Two scholars draw on experiences in Osh, Jalalabad and Bishkek to decipher central Asia’s first popular uprising
To answer these questions requires an assessment of what makes Kyrgyzstan politically distinctive within central Asia, as well as an account of events across the country in the days following the second round of parliamentary elections on 15 March 2005.
The Kyrgyz uprising began with protests in the southern cities of Jalalabad and Osh against the official announcement of the election results. These meetings initially focused on the question of why pro-government candidates defeated in the first round of elections were victors in the second, which people attributed to electoral malpractice and bribery.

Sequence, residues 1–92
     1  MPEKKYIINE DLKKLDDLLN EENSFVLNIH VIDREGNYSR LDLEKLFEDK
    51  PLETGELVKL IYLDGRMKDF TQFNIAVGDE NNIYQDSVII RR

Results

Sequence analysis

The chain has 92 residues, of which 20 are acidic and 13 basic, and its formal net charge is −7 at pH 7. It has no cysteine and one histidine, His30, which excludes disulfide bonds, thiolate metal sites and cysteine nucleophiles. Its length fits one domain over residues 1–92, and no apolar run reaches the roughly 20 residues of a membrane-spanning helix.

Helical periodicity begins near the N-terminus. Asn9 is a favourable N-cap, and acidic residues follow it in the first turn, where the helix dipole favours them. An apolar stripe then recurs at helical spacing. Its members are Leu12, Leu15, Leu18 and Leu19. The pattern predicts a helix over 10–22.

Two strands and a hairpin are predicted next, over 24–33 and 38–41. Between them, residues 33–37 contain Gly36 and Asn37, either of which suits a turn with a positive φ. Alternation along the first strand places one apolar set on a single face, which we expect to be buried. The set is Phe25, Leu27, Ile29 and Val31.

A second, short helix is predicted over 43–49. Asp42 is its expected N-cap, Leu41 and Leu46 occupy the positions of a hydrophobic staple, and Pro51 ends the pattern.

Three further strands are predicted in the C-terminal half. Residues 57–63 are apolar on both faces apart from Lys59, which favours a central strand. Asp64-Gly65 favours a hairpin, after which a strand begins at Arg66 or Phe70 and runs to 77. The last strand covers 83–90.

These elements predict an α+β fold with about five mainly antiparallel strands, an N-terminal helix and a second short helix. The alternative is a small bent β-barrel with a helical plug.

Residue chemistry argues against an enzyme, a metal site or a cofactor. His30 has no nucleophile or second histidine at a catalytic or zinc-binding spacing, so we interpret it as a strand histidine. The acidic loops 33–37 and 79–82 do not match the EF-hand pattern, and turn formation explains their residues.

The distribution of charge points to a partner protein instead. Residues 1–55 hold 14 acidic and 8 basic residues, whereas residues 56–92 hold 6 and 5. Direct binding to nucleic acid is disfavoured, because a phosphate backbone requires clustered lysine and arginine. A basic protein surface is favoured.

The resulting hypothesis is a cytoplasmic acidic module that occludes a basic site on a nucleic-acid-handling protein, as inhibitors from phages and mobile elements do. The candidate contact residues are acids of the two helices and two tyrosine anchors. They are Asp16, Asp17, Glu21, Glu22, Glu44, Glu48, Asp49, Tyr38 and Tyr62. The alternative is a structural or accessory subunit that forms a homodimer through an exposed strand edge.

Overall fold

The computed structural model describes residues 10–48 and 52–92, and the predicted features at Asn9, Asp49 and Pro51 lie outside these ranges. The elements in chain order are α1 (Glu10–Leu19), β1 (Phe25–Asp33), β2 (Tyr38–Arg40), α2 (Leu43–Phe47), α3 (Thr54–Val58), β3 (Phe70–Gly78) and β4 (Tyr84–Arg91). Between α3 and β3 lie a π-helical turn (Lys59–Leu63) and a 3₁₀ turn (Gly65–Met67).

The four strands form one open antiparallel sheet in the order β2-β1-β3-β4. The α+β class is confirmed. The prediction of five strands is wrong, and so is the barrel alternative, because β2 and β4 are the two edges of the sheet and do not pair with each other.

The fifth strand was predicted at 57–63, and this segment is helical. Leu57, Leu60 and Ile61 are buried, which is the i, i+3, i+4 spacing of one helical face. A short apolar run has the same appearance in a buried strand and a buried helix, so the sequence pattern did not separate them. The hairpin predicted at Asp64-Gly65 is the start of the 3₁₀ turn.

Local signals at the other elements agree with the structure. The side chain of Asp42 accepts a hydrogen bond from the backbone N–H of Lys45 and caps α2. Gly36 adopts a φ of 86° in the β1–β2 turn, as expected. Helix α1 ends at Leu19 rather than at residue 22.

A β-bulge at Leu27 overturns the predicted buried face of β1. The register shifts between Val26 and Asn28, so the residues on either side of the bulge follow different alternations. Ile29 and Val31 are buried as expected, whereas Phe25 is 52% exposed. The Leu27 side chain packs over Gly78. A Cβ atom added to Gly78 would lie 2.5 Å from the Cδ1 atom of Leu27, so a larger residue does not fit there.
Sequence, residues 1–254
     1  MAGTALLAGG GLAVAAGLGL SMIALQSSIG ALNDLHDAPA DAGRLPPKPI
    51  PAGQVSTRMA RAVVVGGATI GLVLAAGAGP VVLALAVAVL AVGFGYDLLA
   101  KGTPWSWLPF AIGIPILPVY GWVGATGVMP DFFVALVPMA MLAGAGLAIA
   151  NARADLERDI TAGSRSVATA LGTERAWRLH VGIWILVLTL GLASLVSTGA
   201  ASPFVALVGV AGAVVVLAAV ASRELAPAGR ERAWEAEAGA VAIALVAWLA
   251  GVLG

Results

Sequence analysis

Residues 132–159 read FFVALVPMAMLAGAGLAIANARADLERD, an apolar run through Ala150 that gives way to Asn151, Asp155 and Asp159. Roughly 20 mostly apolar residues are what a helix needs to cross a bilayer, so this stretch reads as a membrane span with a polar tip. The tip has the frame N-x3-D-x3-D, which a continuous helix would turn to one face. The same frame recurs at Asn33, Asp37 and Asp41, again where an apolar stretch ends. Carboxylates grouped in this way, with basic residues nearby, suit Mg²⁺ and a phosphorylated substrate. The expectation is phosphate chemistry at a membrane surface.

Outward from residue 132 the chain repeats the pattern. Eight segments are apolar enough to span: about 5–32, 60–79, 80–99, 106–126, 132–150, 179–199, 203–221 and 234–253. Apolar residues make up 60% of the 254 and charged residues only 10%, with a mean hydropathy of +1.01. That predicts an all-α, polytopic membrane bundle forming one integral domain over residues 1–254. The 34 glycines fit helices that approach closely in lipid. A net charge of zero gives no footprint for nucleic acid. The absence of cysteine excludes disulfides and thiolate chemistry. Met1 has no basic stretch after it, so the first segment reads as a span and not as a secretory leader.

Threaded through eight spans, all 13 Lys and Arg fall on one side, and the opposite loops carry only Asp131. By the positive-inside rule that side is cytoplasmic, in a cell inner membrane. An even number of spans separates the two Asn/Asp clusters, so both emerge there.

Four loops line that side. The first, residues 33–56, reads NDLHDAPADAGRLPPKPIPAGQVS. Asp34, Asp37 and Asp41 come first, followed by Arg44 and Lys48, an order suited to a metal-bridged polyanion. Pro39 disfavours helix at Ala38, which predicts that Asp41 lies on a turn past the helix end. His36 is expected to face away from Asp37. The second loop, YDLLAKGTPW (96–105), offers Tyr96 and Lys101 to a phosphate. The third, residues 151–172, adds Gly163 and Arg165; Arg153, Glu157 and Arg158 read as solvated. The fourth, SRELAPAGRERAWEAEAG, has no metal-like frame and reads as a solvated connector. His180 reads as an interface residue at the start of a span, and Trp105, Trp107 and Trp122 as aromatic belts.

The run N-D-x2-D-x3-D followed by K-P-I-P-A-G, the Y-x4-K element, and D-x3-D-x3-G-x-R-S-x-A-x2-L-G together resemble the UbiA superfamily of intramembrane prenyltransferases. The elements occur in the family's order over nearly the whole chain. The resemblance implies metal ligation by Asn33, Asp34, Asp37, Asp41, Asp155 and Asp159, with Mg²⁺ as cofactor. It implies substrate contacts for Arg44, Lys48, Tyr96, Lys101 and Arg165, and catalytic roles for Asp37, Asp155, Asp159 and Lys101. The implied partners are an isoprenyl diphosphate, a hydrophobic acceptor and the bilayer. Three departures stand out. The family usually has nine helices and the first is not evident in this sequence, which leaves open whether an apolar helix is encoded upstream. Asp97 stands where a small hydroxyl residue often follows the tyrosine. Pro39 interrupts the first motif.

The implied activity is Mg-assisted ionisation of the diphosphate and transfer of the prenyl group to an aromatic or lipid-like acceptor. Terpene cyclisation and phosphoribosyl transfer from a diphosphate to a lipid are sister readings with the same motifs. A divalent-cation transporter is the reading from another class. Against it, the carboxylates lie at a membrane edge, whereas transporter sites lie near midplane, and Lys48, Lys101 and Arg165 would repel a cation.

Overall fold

For two weeks, crowds of angry people stood on the main square in front of government buildings in the two cities. On 18 March several protestors in Osh were beaten and injured in attacks by soldiers and special police forces. They were not cowed, but split into groups of 100-200 people who variously went on to storm almost all administrative buildings – the regional and city administration, the police and security service headquarters, and the prosecutor’s office. Many others roamed the streets, wielding rubber batons they had seized from the militia, and blocking traffic. They said they would unblock the traffic only when state television in Bishkek broadcast a report about events in the south.